Medvedev expands FSB powers
Russia’s President Dmitry Medvedev has signed into law a bill expanding the powers of the Federal Security Service (FSB). The new legislation will come into force after it is officially published.
Earlier this month, the bill, which was harshly criticized by the public and human rights groups, was passed by the Russian parliament’s lower and upper houses – the State Duma and the Federation Council.
According to Medvedev, the amendments to the legislation were performed under his direct order.
The new FSB bill allows the heads of the agency’s bodies or their deputies to issue warnings to citizens on actions that could lead to committing crimes, the preliminary investigation of which refers legally to the competence of the FSB.
If “sufficient and confirmed” information is obtained, FSB bodies will submit letters to a corresponding state agency or to the management of a company requiring a mandatory clearance of the reasons and conditions allowing the fulfillment of the threats to the security of the state.
Disregard for an FSB officer’s legitimate order by officials carries a fine or an administrative arrest of up to 15 days. But the provision does not concern private individuals. The Duma made corresponding amendments in the Law on the Federal Security Service and in the Code of Administrative Offences.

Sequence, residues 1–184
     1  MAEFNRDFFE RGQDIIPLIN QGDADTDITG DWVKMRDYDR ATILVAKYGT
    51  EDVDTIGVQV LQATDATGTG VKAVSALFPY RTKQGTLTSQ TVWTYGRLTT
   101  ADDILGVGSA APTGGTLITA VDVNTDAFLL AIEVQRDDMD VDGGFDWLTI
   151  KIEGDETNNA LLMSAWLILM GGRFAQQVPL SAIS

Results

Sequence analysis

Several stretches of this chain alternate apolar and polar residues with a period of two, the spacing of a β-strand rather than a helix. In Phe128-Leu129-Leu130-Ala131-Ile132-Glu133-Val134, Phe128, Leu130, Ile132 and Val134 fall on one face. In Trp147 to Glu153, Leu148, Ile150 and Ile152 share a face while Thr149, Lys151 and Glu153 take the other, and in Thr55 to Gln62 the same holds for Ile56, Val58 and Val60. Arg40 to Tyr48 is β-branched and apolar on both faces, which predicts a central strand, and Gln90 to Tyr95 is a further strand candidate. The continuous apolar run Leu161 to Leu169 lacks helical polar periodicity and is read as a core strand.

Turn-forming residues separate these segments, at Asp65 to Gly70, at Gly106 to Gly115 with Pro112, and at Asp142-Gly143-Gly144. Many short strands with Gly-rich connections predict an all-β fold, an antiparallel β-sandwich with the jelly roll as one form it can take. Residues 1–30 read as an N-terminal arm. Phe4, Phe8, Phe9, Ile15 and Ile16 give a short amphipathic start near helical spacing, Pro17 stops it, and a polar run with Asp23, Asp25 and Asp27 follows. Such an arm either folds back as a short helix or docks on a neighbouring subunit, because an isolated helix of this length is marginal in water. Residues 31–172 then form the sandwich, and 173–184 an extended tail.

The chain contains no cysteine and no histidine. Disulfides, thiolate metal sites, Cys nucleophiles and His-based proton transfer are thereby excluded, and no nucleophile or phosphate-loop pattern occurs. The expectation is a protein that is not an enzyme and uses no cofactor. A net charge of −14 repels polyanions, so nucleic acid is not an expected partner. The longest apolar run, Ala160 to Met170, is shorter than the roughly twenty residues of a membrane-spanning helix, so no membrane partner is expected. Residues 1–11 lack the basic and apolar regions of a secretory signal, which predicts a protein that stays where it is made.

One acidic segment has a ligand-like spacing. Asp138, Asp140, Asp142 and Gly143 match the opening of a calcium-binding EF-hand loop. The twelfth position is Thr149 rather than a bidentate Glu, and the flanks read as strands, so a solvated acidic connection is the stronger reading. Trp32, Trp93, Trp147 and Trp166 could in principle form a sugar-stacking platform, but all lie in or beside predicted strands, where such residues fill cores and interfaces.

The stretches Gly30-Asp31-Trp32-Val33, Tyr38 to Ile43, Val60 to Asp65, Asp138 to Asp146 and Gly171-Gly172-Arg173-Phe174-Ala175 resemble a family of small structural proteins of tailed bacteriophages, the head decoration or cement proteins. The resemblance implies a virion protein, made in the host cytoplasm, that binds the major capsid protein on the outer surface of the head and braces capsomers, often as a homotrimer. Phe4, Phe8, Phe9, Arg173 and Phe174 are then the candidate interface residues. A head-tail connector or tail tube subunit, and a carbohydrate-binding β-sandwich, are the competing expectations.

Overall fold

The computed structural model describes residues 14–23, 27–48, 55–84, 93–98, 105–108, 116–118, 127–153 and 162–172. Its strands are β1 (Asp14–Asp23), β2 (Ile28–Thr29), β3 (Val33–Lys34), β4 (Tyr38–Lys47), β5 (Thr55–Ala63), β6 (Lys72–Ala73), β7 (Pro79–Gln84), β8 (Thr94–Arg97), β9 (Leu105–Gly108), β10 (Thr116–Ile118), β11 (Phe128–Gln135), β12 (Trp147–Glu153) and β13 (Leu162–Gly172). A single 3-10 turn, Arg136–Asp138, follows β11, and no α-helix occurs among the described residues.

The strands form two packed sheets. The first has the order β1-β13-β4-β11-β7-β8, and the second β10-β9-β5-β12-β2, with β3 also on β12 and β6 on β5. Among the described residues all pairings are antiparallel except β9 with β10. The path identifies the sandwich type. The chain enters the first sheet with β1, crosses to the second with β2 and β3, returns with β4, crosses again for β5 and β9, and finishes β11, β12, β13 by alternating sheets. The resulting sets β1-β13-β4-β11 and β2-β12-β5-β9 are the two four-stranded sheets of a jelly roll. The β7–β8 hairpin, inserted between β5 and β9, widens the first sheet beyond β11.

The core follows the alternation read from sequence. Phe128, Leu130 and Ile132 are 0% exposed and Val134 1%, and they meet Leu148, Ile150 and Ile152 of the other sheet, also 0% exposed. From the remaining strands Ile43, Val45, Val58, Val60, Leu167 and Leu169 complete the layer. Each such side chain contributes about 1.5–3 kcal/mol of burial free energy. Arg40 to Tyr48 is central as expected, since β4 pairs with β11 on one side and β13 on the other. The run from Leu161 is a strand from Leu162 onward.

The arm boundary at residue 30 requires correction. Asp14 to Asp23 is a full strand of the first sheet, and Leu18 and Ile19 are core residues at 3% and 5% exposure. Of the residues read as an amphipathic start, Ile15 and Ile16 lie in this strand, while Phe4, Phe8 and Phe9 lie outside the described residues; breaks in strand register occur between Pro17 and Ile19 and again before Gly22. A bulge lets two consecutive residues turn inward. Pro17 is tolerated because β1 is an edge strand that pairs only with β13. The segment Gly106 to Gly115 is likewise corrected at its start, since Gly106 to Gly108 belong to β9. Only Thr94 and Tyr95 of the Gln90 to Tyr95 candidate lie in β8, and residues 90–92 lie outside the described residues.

Many human rights activists and politicians have criticized the bill. “There is no indication of a fight against or prevention of terrorism in it, and it is of no benefit to anyone,” Interfax quoted Yabloko party leader Sergey Mitrokhin as saying. The liberal party is not represented in the parliament.
“No social groups will benefit, except the governing oligarchic elite, which is clinging to power and to the wealth which power brings,” Mitrokhin said.
Leonid Gozman, the co-chairman of the Right Cause party believes the bill will give the FSB the official go-ahead to put pressure on citizens. “We take make a big step way from democracy toward a police state,” he noted.
The president needs to maintain “a balance of forces at the top,” Gozman said. However, he told Interfax the legislation “to some extent, contradicts what [Medvedev] has been saying and doing over the past few months.”
The Memorial human rights group asked the president on July 15 to veto the bill. The group described the legislation as “partly pointless and partly dangerous to public freedom.”Sergey Borisov, RT